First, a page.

The 3 Most Important Benefits of Mindfulness

lake sunset mindfulness

Today, I will talk about meditation, mindfulness and their benefits, and I am quite excited to start this new year with this topic.

The reason that I want to talk about it is because I have seen the benefits of meditation and mindfulness myself, and I want to give back what I have found useful. I wish to provide a bit of help, even if its small, to people who find it hard to be present and appreciate life amidst their daily routine.

Actually, mindfulness is so crucial especially in the modern way of living that I incorporate it into my coaching sessions.

What is it?

You see, most of the times, we don’t admit even to ourselves, that life does not always live up to our expectations, with the result to accumulate anxiety, stress, to become depressed. However, we can relate to emotional and other challenging situations with balance and compassion, through meditation.


Meditation is the practice of focusing our attention on a specific object. The object can be our breath, a sound, a word, a candle flame, our breath, parts of our body, our senses, our thoughts, our feelings, the world around us – actually, we can meditate upon anythings.


Mindfulness, however, goes a step further; it is paying attention without judgement in the here and now, no matter what our current state is. Mindfulness is about being present with what we do or happens around us, it is about being mindful.

Benefits of Mindfulness

But why would we want to practice mindfulness?

Well, being mindful is a skill. We need to practice it in order to become better – but better on what, you may ask.

Automatic pilot

Have you ever found yourself going to bed to sleep and wondering where the whole day has gone?

You definitely remember being at work, then back home eating something, perhaps watching a bit of TV in the evening, but still, how did your day vanish like that?

It’s in those cases where time seems to pass faster and faster that we know that the automatic pilot is on. And we don’t do it consciously. it’s the way of our daily routine, its that we have made it a habit. We turn off our mind, we relive every single day exactly like the previous one and we are never present to appreciate the variations and the incredible magic of every single moment.

Living in the past and future

You see, most of us live in the past and/or in the future. We relive painful old memories or worry about all the things that may go wrong in the future. The result of this is that we are not present in the moment, where our life actually takes place.

And interestingly enough, even when we think of the past or the future, our thinking always happens now. And if you think about it, now is the only time there is.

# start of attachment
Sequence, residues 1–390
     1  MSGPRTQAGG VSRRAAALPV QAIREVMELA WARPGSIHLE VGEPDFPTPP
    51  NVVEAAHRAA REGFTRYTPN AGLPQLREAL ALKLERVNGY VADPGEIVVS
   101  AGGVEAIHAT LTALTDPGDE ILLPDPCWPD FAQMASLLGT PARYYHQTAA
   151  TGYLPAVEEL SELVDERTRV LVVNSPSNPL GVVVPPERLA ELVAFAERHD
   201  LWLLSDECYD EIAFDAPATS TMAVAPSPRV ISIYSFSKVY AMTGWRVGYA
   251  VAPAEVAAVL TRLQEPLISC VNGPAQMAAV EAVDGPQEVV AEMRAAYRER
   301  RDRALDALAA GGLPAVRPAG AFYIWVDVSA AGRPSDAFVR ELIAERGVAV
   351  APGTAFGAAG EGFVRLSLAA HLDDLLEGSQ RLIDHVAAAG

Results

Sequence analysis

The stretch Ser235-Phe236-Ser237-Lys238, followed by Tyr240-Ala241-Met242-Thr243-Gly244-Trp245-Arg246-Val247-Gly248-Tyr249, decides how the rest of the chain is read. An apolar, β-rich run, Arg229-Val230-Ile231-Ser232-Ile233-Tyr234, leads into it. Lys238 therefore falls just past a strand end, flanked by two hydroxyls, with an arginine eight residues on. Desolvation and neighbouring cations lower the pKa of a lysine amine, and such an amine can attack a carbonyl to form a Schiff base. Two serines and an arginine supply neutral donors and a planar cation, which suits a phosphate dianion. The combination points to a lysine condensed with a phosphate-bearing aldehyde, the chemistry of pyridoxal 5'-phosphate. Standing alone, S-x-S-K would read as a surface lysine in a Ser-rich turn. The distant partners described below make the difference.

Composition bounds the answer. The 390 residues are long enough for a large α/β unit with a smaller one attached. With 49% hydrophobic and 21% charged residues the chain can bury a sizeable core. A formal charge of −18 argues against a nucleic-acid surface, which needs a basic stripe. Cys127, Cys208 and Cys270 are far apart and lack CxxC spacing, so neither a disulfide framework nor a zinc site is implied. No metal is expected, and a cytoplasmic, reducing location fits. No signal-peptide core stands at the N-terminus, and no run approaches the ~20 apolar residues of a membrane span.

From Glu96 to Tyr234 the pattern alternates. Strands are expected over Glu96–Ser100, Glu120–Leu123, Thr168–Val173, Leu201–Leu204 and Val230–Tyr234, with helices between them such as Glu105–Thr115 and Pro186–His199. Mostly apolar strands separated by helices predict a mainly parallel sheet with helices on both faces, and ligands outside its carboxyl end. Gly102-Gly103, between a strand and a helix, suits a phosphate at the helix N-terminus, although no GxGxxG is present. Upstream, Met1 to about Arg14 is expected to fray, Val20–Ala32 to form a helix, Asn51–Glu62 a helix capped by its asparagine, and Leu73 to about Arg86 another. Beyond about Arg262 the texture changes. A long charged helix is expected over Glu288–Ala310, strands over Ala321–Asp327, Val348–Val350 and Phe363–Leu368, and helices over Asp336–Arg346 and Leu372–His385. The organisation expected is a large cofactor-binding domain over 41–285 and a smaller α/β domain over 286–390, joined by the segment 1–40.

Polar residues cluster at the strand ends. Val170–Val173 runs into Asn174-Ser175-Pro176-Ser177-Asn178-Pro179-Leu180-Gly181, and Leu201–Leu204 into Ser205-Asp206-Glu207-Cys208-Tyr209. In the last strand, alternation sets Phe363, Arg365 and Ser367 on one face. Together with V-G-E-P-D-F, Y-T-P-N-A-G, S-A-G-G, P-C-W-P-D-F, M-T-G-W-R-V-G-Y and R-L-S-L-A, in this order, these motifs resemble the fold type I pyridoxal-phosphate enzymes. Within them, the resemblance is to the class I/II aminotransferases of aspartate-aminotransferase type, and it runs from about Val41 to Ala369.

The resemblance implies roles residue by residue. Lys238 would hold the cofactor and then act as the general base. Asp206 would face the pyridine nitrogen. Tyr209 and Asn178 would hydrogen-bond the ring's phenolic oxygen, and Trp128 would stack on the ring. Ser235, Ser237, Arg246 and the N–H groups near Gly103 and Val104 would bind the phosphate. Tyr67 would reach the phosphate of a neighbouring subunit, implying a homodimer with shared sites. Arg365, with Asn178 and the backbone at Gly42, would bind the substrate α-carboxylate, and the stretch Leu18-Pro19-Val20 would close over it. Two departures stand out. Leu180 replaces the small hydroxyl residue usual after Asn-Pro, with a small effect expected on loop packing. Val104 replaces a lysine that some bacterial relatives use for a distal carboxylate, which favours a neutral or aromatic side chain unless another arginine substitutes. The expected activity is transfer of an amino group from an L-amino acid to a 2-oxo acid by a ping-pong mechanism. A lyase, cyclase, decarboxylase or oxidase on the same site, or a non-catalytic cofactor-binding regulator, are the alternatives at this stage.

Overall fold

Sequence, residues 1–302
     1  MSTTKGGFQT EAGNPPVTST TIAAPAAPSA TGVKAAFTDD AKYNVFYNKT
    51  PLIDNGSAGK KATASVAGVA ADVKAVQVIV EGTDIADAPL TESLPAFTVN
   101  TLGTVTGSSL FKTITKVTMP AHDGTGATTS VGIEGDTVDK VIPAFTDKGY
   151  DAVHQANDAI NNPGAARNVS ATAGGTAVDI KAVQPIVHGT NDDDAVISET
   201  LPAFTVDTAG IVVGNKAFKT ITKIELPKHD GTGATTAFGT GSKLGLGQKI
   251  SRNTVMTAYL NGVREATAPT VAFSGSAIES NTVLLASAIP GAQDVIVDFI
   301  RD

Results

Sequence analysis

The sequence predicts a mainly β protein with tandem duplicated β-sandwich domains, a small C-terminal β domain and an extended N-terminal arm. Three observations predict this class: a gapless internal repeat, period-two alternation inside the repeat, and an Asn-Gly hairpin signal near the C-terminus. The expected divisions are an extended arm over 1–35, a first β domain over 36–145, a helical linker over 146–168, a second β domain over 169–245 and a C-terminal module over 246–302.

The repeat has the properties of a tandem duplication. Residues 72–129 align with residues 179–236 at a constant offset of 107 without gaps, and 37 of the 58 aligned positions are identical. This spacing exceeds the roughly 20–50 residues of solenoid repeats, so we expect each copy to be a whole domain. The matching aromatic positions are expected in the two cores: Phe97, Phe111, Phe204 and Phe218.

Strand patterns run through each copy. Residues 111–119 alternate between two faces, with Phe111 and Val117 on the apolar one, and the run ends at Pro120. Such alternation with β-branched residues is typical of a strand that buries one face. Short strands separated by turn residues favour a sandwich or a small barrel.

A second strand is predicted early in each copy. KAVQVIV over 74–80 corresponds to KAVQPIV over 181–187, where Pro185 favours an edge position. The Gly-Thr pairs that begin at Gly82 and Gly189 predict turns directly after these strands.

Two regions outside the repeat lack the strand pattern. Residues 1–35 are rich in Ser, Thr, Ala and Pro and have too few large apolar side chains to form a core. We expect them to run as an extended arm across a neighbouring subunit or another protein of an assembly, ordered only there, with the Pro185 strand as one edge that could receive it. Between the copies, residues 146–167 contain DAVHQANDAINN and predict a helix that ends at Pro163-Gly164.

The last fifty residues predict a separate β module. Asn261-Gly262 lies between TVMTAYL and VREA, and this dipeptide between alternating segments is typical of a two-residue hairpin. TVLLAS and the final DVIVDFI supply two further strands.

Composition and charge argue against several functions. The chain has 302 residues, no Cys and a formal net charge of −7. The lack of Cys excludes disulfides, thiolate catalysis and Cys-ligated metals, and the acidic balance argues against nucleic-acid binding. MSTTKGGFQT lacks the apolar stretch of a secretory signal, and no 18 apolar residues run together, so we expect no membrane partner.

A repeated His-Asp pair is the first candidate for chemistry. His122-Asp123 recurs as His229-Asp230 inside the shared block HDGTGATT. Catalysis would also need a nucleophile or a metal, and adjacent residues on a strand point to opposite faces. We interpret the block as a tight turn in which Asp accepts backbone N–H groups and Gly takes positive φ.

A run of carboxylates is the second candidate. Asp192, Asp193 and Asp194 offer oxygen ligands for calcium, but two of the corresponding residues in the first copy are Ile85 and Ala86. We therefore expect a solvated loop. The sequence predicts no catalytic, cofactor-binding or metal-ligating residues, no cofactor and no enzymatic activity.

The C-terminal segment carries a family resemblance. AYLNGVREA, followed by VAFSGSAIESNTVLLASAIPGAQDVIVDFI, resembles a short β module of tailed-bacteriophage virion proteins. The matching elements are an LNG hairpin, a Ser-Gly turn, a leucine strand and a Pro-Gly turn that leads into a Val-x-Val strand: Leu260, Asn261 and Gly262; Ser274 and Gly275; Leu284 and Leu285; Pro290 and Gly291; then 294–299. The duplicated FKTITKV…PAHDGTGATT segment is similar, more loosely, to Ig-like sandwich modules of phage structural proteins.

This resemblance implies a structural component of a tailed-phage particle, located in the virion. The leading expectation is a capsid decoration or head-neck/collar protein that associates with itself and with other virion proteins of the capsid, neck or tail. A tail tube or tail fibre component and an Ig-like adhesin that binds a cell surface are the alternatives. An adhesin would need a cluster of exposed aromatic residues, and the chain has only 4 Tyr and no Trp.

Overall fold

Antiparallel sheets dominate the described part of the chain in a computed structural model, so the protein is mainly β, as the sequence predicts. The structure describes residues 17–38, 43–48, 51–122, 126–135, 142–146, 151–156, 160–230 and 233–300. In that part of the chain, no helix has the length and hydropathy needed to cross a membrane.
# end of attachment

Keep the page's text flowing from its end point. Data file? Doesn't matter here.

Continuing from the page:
Thoughts as facts

We, humans, are conditioned to take our thoughts as facts, and I have seen it firstly from myself but also from my coaching clients.

A thought pops up into our head and suddenly it becomes the truth.

What is interesting is that our mind creates all sort of assumptions. And it does that because it’s easier to make a prediction when something is known.

So, another crucial benefit of becoming mindful, is that we start taking our thoughts for what they are; that is, pure images, words, symbols, without any substance or reality behind them – but more on that in the following weeks 🙂

Mindful Breathing

So now, I have a short, simple yet powerful mindful exercise for you to try out. And you know what! It’s so simple that you don’t have to be alone to do it, you don’t need your eyes closed – it’s so simple that can be done even at the bus stop while waiting!

The interesting fact about our breath is that it can be voluntary and involuntary, plus it is always with us! So, we start with being mindful of our breath.

For the next few minutes notice your breathing on your nostrils, or at your rib cage, or at your abdomen. All of them are moving while we breathe.

Sooner or later, you will notice that you are distracted by thoughts, which is absolutely normal. When this happens just acknowledge the interruption as if you nod your head to passing people. You acknowledge them and then you let them continue their journey.

Same with this breathing exercise. Notice the presence of your intruding thought (or any other interruption) and let it be.

Allow your thoughts to come and go as they please, while you keep your attention to your breathing. If boredom or anxiety arises, again, acknowledge it and return to your breathing.

With practice, you will become better on noticing your interruptions and on returning to your exercise.

During January, more on mindfulness and meditation will follow, so stay tuned!

And please don’t hesitate to contact me for any questions you may have around meditation or coaching.

Have a mindful day,

If you prefer an audio version of this post, check this out.
The 3 Most Important Benefits of Mindfulness
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